“How lucky I was that the only obstacle in fulfilling my potential was myself. Whatever I did and wherever I went I did not have to prove who I am, only what I have done and what I can do. In stark contrast, children who are born stateless often cannot fulfill their potential and achieve their dreams. But this, as we have already heard, is a preventable problem and there are many things we can and must do to address it.”
As I was saying this at the second Anniversary Event for UNHCR’s campaign to end statelessness #iBelong in Geneva this Thursday, I had mixed feelings. I was saddened to see the number of 10 million stateless persons in the world has not changed and that so many people are still suffering the consequences of statelessness. At the same time I felt optimistic as Filippo Grandi, the UN High Commissioner for Refugees reiterated some of the recent successes made, such as Thailand’s and Kenya’s pledges to grant nationality to the stateless groups on their territories, the new accessions to the Statelessness Conventions and increased efforts to prevent statelessness in conflict situations, particularly in the Middle East.
In light of further efforts to end statelessness, Mr. Grandi, together with Sikander Khan, UNICEF’s Director of Emergency Programmes, announced the new global Coalition on Every Child’s Right to a Nationality. The Coalition, which is due to be launched in December 2016, will expand and strengthen efforts internationally and nationality to combat the hidden problem of childhood statelessness. While headed by the two UN agencies, this coalition will specifically engage civil society and utilize their capacities in ensuring every child’s right to a nationality.
I was invited to speak at this anniversary as a representative of the ENS #StatelessKids campaign, to highlight the achievements made by the Youth Ambassadors and make the case for the role of youth and civil society in eradicating childhood statelessness.
ENS Youth Ambassadors working across Europe
This July, 35 youth ambassadors from all across Europe, including myself, met in Brussels at the first ever Youth Congress on Statelessness organized by the European Network on Statelessness. In the three days during the congress, we learned about the intricacies and injustices of statelessness, we came to understand that statelessness is a solvable issue, and we were equipped with skills on how to engage the public as well as influence policy makers towards ending childhood statelessness. We also advocated directly to Members of the European Parliament at an event held in the European Parliament in support of ENS’s #StatelessKids campaign, and presented an online petition which has gathered over 20,000 signatures. We asked the MEPs to join our fight against statelessness and ensure that every child in Europe has an effective right to a nationality. Most importantly however, we drafted national action plans on how to raise awareness and tackle childhood statelessness in each of our own countries. The diversity and innovation of actions envisaged by our community of youth ambassadors was truly inspiring. These include social media campaigns, teaching in schools and universities on statelessness, mobilization of new audiences and organization of innovative awareness-raising events.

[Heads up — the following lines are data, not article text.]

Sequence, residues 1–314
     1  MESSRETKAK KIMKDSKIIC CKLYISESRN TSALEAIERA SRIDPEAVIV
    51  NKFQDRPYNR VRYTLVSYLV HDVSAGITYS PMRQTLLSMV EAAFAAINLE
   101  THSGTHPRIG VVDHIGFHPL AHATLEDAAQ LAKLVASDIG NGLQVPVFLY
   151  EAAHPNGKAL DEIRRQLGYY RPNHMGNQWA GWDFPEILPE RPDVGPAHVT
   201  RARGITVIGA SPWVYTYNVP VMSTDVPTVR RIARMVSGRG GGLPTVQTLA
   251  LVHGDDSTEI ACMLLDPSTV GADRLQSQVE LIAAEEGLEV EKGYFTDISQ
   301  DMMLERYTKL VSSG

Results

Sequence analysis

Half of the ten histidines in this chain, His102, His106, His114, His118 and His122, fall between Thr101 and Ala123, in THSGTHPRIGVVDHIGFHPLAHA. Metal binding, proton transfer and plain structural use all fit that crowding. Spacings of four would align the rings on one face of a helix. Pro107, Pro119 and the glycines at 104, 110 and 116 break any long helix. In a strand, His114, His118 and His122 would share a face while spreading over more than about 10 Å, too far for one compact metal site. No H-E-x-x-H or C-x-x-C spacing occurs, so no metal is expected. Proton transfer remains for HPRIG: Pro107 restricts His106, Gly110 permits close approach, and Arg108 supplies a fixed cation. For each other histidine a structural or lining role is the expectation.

Even though as Youth Ambassadors we came from different parts of Europe, all of our proposed actions reflected one specific need. The need to engage youth and civil society in eradicating childhood statelessness. I work for a civil society organization called the Macedonian Young Lawyers Association, or MYLA. We are a group of young enthusiastic lawyers who are working to ensure respect for human rights and the rule of law in Macedonia. One of our key activities has been to provide legal aid to stateless persons, and we have been the only organization in Macedonia doing so. Now, in partnership with the European Network on Statelessness and its #StatelessKids campaign and grass roots children’s rights organizations, we have launched an awareness raising campaign providing information on the extent of statelessness in Macedonia. In cooperation with youth media outlets we are featuring news articles on statelessness. Last week we held a study session with law school students on statelessness and next week we are organizing an interactive lecture with high school students showing them the importance of nationality and the plight of their peers that live without a nationality. Additionally, MYLA, supported by UNHCR, has developed a short video featuring stories of stateless children in Macedonia which will be shown on a number of national TV stations.
Such activities are not only happening in Macedonia. My fellow youth ambassadors are engaging in similar activities in countries across Europe in support of the #StatelessKids campaign. The launch of a UNHCR and UNICEF led global coalition to ensure every child’s right to acquire a nationality in December will add further vital impetus to the momentum initiated by civil society and the youth ambassadors across Europe. During the anniversary event, it was particularly encouraging to hear that Carol Bachelor, UNHCR’s Director of International Protection, who held the first ever position on statelessness in the agency more than 20 years ago, echoed the crucial role of civil society has in ending statelessness.
The goal of the #iBelong campaign is to end statelessness globally by 2024. I am aware that much work remains to be done, but statelessness is an issue which is entirely solvable and I strongly believe that we all have a role to play. By convincing States to establish safeguards in their nationality laws to ensure that every child born on the territory who would otherwise be stateless is entitled to a nationality, we could end childhood statelessness within a generation. Nationality shouldn’t be a privilege, but a right of all children allowing them to have the future they deserve.